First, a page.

University. He opens the article by talking about what a hedge fund is and what exactly it
does. Later on in the article, Stulz talks about the idea that hedge funds may pose a risk to
the economy as a whole. At the end of the article, the author talks about the future of
hedge funds. He goes over how hedge funds will perform in the future, if their
organization will change and if they will become more regulated in the future. This article

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contributes to my research because it discusses whether hedge funds will become more
regulated in the future. I think this author is credible because of the position he holds at
Ohio State.
Summers, Nick. "Whats Ahead For Hedge Funds?." Bloomberg Businessweek 4410 (2015): 3738. Business Source Premier. Web. 18 Mar. 2015. In this article, Nick Summers, who
wrote an article for Bloomberg Businessweek talks about the future for hedge funds. No
credentials are given for the author so there is no guarantee that the information is quality.
First, Summers talks about why hedge funds have become famous and infamous.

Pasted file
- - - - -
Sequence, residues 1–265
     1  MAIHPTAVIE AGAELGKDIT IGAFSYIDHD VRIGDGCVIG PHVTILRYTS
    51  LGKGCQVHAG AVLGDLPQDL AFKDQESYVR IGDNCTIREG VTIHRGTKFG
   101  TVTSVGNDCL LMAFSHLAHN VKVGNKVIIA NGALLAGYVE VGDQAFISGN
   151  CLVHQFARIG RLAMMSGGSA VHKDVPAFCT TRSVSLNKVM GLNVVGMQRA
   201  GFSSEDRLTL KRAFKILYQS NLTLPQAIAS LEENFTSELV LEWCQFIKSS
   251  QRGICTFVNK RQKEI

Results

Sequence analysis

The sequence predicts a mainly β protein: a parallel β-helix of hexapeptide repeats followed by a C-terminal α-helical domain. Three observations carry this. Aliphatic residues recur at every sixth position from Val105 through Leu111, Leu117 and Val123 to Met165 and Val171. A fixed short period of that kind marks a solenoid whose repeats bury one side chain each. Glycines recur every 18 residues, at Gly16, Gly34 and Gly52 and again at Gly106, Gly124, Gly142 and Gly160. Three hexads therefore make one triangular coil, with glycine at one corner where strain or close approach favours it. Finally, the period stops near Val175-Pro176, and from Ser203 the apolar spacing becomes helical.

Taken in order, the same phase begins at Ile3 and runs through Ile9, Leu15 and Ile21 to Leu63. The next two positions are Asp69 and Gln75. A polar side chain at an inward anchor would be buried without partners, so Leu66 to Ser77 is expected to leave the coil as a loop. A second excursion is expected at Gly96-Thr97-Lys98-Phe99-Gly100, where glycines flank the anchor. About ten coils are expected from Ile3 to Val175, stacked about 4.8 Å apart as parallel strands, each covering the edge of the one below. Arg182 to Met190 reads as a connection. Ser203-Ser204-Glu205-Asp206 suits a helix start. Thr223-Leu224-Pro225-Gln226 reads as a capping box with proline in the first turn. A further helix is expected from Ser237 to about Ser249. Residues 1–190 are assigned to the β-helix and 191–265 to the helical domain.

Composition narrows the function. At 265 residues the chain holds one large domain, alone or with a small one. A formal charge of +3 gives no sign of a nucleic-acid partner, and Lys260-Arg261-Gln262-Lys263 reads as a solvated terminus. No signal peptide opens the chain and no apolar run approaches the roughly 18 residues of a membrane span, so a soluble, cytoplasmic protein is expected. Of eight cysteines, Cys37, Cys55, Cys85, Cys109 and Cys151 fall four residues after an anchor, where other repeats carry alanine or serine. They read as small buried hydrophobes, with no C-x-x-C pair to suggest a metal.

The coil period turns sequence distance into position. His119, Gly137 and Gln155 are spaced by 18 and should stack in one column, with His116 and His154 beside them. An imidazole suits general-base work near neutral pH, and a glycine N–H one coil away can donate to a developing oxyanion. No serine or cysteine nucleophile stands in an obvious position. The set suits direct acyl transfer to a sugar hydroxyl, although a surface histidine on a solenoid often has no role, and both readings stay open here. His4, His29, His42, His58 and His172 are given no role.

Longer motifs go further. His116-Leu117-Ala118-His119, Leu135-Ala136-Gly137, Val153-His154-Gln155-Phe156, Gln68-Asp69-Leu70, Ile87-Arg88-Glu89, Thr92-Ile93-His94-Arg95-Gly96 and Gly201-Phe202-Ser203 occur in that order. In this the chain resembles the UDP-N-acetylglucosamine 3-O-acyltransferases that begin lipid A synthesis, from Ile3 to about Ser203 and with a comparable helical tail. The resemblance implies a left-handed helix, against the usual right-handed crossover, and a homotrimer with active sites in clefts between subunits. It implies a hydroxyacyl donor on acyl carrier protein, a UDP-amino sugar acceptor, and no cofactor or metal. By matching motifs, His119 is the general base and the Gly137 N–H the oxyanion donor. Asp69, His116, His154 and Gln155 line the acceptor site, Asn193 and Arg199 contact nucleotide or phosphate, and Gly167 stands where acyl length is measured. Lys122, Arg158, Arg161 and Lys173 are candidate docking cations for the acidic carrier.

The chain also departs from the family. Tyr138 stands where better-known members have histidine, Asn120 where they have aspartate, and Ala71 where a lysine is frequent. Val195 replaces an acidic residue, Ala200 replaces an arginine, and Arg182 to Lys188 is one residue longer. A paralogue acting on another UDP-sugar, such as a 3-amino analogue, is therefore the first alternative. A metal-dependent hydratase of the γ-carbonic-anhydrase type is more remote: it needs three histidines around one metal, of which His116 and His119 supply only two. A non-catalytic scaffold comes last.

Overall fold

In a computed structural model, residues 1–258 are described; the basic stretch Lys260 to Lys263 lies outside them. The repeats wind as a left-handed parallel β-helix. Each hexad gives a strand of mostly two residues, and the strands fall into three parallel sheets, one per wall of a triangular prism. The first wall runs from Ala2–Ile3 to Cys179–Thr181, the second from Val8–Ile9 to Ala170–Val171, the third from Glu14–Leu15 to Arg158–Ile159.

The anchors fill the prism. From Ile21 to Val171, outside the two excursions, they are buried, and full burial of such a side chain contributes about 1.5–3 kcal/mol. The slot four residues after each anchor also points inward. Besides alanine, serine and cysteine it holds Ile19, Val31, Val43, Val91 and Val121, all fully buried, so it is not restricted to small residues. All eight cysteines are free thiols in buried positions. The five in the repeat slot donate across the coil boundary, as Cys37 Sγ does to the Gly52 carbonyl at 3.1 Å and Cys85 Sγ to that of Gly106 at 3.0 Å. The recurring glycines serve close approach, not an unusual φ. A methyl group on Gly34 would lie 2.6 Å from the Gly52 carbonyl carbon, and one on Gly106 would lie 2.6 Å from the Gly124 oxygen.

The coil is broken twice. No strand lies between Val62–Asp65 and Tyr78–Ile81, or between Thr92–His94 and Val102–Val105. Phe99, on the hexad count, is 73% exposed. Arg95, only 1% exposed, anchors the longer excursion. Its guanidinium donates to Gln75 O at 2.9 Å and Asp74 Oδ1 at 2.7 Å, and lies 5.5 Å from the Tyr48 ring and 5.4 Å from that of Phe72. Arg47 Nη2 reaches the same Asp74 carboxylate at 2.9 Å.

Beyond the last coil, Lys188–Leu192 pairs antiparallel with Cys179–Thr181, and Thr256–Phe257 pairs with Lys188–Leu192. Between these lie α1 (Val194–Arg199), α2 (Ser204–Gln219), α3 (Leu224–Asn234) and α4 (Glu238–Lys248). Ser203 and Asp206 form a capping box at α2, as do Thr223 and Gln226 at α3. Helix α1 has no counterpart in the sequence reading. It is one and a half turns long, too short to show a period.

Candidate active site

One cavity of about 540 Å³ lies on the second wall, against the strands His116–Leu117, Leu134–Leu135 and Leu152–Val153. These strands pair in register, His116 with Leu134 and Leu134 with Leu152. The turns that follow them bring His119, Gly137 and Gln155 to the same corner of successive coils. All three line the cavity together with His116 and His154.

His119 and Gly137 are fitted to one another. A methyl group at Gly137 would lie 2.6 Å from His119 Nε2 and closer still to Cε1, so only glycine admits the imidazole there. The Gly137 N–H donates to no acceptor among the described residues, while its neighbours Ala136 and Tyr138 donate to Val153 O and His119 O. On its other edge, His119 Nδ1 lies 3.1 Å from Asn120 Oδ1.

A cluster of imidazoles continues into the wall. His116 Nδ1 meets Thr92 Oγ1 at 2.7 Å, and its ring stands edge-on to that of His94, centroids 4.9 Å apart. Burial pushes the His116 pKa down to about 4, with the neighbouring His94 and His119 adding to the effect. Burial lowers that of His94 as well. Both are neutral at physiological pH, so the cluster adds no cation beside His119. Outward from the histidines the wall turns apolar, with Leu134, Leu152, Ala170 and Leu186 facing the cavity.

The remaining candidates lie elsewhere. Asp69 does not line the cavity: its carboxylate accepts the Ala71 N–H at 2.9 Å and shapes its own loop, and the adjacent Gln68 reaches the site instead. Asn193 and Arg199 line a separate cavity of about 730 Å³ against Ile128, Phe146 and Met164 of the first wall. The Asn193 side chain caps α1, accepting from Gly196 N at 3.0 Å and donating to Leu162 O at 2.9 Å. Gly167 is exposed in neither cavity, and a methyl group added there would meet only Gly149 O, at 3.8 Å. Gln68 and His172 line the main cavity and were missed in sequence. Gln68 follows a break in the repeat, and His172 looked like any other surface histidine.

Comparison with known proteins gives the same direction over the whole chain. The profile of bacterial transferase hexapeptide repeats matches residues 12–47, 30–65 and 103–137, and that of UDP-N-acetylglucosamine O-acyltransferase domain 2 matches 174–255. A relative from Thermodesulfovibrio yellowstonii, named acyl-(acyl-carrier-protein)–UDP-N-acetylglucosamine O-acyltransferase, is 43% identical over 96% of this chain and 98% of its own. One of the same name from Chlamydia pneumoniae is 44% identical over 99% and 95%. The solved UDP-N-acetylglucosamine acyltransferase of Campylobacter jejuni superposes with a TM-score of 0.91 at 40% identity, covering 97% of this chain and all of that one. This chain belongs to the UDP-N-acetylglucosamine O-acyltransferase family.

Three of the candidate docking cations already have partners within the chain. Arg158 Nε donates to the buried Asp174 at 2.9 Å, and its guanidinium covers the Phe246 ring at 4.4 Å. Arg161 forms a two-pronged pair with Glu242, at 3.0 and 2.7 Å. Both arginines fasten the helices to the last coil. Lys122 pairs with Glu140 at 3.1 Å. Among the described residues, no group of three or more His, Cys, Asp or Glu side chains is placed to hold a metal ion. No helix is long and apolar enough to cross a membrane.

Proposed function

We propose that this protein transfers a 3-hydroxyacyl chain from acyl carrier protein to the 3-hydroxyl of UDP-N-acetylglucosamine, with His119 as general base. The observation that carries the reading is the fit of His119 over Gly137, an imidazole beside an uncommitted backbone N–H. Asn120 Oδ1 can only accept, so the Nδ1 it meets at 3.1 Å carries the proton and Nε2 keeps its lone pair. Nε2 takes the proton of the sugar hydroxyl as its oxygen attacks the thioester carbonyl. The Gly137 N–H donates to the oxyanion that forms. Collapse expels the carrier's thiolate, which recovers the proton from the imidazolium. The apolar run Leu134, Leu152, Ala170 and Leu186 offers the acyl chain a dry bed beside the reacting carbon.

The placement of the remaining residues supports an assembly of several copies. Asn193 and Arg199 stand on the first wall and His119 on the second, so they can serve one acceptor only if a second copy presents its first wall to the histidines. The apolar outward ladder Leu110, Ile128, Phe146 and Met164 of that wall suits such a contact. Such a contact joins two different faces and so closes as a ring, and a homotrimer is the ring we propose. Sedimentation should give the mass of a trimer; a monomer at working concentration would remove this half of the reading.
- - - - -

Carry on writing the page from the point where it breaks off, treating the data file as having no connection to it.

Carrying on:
Sometimes they make people a lot of money, other times they lose people a lot of money.
Also, people accuse hedge funds of hurting the economy. Summers also mentions that
hedge fund managers are able to do some shady tricks in order to lock up investors
money or change their minds midway through an investment. These types of things are
what lead to hedge funds regulation. This article fits into the conversation of hedge fund
regulation because it talks about specific issues that cause people to want more hedge
fund regulation.
Verret, J. W. "Review: Is Hedge Fund Registration Necessary?." Washington & Lee Law Review
70.1 (2013): 705-711. Academic Search Premier. Web. 18 Mar. 2015. The author of this
article is an Assistant Professor at George Mason University School of Law. In this
article, J.W. Verret is analyzing a different article written by Luke Ashworth. Verret
disagrees with the fact that registration of hedge funds would have affected certain large
hedge funds that helped contribute to the recent recession. Verret also mentions multiple
times that the SEC has failed to act on, or incorrectly handled Ponzi schemes. This article
contributes to the conversation because it discusses whether or not hedge funds should be

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registered with the SEC. I think that this author is credible because of his job with a
university.